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Photo by Jill Pelto

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Jill Pelto Gallery


3rd, 4th, 5th, 6th, 7th, 8th, 9th, 10th, 11th, 12th


Science, Earth and Space Sciences, Visual and Performing Arts

Resource Types

  • Artwork
  • Article

Regional Focus

Global, Europe

"Spring Core Extraction"

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  • This watercolor and colored pencil piece portraying a scientist taking a core sample is accompanied by a robust explanation of the artwork presented. 
  • Students will learn about the field research completed by scientists, what is going on beneath the surface, and soil levels and segments. 
Teaching Tips


  • This resource includes a gorgeous piece of art that will inspire young artists and scientists.
  • Students will enjoy learning about how art and science can merge unexpectedly.

Additional Prerequisites

  • Students should understand the concepts of scientific fieldwork, climate change, soil layers and cores, and strata.
  • It may benefit students to understand the connection between art and science.


  • This resource would work equally well in a science or art class. Teachers can make cross-curricular connections in social studies classes studying how scientists can "look through time" and into the past by examining soil.
  • This resource would work well for a gallery walk. Print this art piece and several others from Jill Pelto. Have students walk around the room and make observations (either scientific or artistic, depending on the class). Students can either post their ideas on sticky notes near each piece or share them in a whole-class share-out session. 
  • If your science class is learning about another type of fieldwork, have students illustrate their understanding of the fieldwork and explain what scientists do and why. 
Scientist Notes
This resource is a piece of artwork by artist Jill Pelto, who uses her art to communicate science ideas, mostly about climate change, and inspire people to act. The image is the second painting in a series of five depicting how a team of five scientists conduct their fieldwork. Specifically, this image shows boots standing in a bog and taking a core sample from the ground. The description gives a brief explanation of the science of the different layers of sediment, including how they differ and why they depict a glaciated area. The artist adds a disclaimer that the transition in the sediment color is not to scale, but otherwise, the information is accurate. This resource is recommended for teaching.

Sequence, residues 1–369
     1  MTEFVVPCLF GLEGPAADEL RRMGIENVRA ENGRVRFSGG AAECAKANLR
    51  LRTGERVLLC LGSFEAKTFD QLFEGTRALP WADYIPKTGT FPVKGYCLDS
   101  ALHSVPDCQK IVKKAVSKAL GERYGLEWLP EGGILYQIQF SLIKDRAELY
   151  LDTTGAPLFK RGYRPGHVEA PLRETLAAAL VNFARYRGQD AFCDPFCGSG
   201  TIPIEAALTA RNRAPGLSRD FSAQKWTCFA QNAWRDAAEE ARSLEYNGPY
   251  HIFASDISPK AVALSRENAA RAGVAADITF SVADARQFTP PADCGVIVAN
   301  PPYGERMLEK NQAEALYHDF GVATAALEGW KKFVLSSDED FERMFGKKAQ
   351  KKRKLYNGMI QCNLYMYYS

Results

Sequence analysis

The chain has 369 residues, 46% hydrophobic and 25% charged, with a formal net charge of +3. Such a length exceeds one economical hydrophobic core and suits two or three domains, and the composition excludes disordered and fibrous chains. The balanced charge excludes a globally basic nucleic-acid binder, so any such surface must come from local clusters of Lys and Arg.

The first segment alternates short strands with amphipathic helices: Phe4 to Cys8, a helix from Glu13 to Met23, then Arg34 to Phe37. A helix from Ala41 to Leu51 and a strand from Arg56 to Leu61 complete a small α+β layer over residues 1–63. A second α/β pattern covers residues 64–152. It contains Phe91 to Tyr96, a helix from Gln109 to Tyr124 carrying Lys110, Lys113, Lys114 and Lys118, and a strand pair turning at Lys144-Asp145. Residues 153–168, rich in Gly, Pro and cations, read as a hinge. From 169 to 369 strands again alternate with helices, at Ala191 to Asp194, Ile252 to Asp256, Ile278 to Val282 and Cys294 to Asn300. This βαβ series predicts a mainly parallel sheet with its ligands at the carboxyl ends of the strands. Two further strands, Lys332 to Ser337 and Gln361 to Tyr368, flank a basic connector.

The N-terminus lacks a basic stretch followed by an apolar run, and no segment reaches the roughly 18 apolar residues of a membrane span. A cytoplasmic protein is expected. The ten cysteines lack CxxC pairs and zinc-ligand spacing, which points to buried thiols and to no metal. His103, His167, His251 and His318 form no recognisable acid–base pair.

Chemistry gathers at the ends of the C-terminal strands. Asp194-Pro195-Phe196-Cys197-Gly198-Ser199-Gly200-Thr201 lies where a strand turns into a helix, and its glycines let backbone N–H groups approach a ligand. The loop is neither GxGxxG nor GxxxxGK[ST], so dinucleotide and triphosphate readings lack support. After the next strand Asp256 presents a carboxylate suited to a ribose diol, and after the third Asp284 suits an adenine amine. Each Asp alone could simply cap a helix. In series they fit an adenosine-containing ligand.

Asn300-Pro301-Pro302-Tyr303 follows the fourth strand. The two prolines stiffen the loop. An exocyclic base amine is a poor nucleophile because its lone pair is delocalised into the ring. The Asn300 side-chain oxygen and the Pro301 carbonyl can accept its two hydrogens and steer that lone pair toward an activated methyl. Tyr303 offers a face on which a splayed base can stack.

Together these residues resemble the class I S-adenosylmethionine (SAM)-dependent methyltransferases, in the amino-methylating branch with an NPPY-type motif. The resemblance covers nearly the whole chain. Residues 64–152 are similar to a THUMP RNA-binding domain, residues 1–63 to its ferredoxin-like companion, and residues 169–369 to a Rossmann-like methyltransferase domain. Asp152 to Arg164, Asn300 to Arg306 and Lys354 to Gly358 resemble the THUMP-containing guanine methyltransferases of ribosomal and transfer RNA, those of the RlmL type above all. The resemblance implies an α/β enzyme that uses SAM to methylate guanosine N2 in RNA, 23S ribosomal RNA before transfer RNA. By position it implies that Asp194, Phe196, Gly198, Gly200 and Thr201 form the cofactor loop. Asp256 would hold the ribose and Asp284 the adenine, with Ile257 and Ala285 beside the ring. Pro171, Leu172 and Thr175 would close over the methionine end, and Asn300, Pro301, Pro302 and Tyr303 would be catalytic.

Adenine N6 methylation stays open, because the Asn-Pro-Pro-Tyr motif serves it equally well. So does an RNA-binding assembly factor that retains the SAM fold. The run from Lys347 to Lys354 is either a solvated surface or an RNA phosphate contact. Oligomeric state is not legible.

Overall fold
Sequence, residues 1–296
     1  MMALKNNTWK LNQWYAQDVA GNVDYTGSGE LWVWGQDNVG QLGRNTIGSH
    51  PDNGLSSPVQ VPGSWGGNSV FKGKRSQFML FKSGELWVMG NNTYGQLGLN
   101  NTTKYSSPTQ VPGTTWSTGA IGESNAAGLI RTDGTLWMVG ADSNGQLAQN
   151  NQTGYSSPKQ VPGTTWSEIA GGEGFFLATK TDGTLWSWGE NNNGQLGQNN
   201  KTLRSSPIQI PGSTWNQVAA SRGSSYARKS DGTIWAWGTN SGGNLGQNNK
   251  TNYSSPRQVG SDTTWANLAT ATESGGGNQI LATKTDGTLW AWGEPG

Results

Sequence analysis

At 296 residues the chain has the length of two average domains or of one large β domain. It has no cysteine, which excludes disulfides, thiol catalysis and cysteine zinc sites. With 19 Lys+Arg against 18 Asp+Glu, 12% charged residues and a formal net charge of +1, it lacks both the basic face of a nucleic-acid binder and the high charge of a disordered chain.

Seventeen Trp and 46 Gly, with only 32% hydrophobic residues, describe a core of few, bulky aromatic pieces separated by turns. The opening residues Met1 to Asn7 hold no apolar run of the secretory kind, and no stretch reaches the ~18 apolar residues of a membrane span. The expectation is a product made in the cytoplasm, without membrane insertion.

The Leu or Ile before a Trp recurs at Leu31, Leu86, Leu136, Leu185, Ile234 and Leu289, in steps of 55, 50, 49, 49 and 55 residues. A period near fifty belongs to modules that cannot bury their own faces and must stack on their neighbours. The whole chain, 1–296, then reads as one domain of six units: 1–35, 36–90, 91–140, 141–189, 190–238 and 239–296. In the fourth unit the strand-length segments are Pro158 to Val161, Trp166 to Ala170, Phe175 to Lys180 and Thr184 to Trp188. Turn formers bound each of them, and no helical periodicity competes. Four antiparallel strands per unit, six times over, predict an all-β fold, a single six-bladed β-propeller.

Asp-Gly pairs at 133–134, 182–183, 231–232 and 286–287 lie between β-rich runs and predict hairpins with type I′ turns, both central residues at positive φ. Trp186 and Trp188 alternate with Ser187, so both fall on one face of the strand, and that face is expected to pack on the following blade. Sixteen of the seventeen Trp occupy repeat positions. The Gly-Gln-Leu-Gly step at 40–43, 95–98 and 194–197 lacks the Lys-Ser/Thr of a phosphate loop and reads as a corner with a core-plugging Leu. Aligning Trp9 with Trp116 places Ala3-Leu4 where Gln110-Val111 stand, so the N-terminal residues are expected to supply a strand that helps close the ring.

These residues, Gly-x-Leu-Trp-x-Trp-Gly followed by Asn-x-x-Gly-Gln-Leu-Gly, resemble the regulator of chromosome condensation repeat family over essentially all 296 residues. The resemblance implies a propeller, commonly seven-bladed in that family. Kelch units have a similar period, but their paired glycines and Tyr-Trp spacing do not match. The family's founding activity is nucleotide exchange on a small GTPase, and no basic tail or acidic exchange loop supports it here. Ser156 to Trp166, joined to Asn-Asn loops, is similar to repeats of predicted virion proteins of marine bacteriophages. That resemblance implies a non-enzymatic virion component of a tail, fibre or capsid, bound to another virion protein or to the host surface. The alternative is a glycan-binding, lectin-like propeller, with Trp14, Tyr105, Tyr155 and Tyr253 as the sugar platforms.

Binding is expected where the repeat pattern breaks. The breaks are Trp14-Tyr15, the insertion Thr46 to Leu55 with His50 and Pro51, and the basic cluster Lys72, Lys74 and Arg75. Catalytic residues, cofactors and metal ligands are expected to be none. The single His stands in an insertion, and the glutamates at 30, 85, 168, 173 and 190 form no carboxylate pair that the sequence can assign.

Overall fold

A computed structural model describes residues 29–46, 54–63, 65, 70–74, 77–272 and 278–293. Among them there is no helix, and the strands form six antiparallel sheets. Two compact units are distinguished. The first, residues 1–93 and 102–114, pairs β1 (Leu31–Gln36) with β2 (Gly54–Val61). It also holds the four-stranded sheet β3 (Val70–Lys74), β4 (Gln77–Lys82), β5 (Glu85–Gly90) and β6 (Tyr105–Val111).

• Next Generation Science Standards (NGSS)
    • ESS2: Earth's Systems
      • 3-ESS2-2 Obtain and combine information to describe climates in different regions of the world.
      • 4-ESS2-1 Make observations and/or measurements to provide evidence of the effects of weathering or the rate of erosion by water, ice, wind, or vegetation.
  • Common Core English Language Arts Standards (CCSS.ELA)
    • Reading: Informational Text (K-12)
      • CCSS.ELA-LITERACY.RI.1.2 Identify the main topic and retell key details of a text.
      • CCSS.ELA-LITERACY.RI.2.1 Ask and answer such questions as who, what, where, when, why, and how to demonstrate understanding of key details in a text.
  • National Core Arts Standards
    • Media Arts: Standard 8 - Interpret intent and meaning in artistic work.
      • MA:Re8.1.3a Determine the purposes and meanings of media artworks while describing their context.
      • MA:Re8.1.IIa Analyze the intent, meanings, and influence of a variety of media artworks, based on personal, societal, historical, and cultural contexts.
    • Visual Arts: Standard 7 - Perceive and analyze artistic work.
      • VA:Re7.1.6a Identify and interpret works of art or design that reveal how people live around the world and what they value
      • VA:Re7.2.Ia Analyze how one’s understanding of the world is affected by experiencing visual imagery.
      • VA:Re7.2.IIa Evaluate the effectiveness of an image or images to influence ideas, feelings, and behaviors of specific audiences.
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